And What Can Be Done To Make Jobs and Family Life More Predictable
For decades, work-family activists have pressed for policies to give workers flexibility. Some workers, most of them relatively affluent, have seen gains. They have won the ability to adjust their schedules, to choose how many days a week to work, and even to work from home. But as my colleague Dan Clawson and I document in our new book, Unequal Time, many employers in the United States are turning the concept of work schedule flexibility on its head. For employers using disturbing new tactics, “flexibility” means that employees – especially low-wage workers – must come in whenever the boss wants and can be sent home whenever demand is slack.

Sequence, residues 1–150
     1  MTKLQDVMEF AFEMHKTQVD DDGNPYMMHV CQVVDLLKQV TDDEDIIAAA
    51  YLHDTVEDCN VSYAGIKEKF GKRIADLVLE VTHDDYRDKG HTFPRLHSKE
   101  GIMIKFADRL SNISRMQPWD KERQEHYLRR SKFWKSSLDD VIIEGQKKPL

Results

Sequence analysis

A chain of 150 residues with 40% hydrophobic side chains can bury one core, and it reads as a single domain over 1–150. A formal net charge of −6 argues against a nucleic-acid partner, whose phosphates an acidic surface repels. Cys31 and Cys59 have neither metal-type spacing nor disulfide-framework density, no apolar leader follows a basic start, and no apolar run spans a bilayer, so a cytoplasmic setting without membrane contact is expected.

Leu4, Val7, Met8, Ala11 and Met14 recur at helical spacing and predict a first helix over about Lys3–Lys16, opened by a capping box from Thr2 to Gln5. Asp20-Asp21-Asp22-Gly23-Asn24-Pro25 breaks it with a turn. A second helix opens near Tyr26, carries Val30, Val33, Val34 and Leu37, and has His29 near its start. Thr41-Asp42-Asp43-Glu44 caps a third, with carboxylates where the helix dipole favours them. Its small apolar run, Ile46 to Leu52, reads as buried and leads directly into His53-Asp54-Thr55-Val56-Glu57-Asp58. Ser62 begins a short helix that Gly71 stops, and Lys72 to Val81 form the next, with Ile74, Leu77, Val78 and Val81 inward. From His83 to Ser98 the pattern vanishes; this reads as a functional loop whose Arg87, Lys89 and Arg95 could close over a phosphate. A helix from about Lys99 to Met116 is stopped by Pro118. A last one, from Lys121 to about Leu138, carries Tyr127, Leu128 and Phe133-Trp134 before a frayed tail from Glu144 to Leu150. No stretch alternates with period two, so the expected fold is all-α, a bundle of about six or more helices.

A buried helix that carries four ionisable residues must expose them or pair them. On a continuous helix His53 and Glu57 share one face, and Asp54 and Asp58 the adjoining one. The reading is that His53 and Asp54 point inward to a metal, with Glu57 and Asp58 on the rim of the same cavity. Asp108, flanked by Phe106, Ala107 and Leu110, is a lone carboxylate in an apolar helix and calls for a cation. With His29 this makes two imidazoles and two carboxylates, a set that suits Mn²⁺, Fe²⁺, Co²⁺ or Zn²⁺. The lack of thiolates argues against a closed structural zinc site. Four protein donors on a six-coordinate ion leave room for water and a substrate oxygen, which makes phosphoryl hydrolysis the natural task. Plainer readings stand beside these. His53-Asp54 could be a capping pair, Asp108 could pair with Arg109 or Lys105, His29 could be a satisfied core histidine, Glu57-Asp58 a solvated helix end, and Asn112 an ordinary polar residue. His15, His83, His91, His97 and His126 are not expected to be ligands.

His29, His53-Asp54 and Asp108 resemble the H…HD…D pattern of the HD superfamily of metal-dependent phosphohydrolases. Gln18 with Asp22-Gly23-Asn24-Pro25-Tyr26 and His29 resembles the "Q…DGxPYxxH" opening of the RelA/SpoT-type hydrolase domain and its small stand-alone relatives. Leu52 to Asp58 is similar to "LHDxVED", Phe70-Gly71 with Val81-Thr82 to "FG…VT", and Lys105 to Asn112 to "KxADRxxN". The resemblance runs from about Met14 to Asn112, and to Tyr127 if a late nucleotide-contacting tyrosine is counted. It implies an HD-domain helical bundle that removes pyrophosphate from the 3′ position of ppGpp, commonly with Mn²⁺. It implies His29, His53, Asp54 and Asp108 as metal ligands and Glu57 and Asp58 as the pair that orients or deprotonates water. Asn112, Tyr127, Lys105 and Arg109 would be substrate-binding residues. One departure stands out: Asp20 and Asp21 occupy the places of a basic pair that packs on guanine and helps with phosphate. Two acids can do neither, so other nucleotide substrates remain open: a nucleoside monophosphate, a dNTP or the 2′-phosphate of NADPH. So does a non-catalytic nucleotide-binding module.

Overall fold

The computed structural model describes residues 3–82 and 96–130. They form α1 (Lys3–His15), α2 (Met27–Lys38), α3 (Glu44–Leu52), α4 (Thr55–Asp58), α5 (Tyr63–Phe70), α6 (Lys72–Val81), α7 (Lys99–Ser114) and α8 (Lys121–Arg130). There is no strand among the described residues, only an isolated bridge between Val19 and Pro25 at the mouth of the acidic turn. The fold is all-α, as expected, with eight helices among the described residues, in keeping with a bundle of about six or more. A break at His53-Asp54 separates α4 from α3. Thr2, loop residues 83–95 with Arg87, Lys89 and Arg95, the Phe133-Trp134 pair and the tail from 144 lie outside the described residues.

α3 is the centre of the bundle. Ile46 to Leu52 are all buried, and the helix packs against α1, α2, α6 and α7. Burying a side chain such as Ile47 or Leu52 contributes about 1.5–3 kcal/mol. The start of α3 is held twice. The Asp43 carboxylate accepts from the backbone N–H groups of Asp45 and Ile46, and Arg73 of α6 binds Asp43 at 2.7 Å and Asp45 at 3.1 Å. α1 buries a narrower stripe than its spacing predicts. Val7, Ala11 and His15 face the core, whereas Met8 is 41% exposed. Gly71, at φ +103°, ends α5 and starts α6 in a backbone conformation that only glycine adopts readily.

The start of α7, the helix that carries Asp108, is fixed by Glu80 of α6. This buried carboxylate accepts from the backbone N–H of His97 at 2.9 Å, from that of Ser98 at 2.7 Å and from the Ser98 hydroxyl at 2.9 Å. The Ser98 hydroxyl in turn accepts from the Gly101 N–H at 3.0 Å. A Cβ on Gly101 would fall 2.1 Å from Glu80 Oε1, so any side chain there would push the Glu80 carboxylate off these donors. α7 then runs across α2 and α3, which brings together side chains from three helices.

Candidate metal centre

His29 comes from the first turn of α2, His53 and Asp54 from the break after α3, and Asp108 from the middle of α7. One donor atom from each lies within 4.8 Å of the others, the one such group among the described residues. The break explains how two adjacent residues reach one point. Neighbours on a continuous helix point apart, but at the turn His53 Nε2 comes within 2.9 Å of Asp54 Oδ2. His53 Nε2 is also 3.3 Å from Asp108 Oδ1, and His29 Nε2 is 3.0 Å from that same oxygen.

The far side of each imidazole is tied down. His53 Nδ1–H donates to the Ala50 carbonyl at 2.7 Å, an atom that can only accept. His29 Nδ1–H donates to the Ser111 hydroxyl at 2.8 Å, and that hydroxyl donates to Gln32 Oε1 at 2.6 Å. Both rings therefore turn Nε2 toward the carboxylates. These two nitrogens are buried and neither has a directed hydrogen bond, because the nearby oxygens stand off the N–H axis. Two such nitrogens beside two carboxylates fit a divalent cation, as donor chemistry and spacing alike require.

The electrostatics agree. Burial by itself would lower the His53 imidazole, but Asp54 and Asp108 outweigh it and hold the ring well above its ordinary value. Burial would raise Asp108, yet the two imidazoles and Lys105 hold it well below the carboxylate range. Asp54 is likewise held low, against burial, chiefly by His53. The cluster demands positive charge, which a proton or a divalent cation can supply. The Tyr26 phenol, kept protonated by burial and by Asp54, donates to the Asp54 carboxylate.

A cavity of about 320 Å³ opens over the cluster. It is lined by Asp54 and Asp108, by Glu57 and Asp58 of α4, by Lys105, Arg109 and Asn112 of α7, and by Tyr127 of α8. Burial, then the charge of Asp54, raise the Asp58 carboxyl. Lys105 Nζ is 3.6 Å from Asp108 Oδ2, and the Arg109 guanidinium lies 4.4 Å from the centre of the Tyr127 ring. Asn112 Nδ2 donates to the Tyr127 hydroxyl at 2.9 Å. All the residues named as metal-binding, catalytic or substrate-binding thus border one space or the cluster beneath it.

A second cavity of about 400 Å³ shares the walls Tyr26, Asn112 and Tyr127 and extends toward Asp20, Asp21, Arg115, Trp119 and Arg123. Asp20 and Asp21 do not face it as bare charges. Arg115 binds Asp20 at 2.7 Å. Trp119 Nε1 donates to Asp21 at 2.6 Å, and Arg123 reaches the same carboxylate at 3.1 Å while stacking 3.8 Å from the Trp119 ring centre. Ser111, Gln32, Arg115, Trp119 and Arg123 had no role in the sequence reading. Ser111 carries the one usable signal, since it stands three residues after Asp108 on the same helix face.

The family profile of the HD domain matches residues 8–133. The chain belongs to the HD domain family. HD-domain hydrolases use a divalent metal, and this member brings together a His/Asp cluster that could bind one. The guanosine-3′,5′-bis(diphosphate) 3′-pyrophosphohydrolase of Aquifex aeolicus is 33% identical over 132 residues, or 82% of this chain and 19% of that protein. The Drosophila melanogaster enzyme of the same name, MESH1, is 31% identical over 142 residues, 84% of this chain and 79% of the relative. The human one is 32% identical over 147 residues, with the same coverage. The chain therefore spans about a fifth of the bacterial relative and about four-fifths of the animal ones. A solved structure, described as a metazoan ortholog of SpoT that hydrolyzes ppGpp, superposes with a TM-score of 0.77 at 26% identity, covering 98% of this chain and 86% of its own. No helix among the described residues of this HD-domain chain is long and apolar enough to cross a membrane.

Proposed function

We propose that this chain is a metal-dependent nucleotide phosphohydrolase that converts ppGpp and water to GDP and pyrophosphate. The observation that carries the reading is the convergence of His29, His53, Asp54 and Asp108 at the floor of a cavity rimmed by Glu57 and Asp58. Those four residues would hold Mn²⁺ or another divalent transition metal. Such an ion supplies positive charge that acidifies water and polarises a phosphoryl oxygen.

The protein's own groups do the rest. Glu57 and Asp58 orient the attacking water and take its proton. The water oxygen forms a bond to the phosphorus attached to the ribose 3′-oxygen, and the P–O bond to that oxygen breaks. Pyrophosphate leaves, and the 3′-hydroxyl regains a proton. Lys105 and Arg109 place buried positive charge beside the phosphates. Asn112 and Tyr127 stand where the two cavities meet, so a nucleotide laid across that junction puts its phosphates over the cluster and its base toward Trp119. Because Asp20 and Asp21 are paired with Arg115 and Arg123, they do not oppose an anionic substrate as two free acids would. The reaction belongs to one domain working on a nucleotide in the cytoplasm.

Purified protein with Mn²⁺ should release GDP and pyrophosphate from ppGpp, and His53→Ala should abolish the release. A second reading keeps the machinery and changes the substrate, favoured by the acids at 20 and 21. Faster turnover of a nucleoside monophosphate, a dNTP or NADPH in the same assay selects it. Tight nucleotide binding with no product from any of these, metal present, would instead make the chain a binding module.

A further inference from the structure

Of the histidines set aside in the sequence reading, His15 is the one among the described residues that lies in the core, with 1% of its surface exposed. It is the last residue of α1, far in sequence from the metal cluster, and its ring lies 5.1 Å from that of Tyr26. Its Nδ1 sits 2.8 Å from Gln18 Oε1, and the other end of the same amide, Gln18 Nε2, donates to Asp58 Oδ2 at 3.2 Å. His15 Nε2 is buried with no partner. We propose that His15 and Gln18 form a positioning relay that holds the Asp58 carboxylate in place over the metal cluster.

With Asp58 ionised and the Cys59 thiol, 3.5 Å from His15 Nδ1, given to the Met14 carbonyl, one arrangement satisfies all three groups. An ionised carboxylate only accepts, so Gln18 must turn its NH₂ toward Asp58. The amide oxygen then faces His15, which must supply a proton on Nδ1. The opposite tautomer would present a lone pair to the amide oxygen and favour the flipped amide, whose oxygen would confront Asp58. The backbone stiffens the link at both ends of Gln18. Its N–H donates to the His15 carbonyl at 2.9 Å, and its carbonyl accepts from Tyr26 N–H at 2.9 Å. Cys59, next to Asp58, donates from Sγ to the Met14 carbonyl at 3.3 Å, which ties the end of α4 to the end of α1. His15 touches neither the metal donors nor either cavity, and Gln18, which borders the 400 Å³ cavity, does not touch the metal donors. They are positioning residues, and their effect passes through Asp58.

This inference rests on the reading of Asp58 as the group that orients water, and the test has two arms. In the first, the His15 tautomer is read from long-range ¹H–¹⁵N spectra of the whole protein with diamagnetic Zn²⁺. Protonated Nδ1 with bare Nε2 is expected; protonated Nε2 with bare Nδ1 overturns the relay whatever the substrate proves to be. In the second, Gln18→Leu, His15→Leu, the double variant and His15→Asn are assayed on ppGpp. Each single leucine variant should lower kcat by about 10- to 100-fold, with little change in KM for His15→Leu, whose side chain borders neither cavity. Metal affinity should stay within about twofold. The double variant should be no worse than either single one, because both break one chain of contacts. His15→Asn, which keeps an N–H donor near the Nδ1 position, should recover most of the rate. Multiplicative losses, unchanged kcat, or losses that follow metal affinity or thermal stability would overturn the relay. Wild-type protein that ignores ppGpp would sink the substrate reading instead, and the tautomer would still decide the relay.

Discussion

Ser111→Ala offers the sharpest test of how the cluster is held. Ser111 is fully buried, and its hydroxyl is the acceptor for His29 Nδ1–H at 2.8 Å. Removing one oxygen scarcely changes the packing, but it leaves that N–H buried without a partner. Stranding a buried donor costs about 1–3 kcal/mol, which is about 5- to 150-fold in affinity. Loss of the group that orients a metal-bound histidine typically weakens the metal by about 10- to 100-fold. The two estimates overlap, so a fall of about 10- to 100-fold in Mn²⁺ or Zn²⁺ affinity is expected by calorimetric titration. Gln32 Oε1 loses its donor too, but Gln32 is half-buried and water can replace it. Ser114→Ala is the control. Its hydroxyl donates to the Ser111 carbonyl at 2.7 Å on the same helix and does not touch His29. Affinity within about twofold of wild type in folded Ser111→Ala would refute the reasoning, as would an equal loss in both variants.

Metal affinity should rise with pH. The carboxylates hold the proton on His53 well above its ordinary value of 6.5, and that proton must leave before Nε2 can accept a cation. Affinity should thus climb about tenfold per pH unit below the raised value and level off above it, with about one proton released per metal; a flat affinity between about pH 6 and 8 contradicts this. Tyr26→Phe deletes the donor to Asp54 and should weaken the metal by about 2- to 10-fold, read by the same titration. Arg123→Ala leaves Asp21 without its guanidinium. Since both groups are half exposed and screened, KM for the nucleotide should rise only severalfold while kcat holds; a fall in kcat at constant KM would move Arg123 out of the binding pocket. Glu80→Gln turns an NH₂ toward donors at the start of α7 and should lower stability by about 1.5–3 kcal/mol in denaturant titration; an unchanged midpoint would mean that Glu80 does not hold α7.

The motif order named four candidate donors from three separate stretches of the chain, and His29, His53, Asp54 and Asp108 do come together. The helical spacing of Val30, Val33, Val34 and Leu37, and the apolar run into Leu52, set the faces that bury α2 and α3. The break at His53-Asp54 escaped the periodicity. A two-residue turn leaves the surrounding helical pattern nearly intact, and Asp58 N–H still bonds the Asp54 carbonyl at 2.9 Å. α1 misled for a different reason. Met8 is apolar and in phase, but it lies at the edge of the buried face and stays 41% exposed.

Unpredictable Schedules and Insufficient Hours
News stories have featured the chaotic schedules of young people working in retail, cleaning, and fast food jobs – many of whom must come to work with just one day’s notice or work split shifts. About a third of young adults do not know their schedule more than a week in advance. But similar problems are faced by workers of all ages. Unpredictable schedules are becoming the new normal for many U.S. employees – ranging from low-wage nursing assistants to well-paid physicians. In the retail and health care sectors, many workers must call in the night before to find out if they will be needed – and if they will earn the wages they have counted on getting. At a nursing home we studied, for example, one out of three shifts turned out to be different from the official schedule planned in advance. more...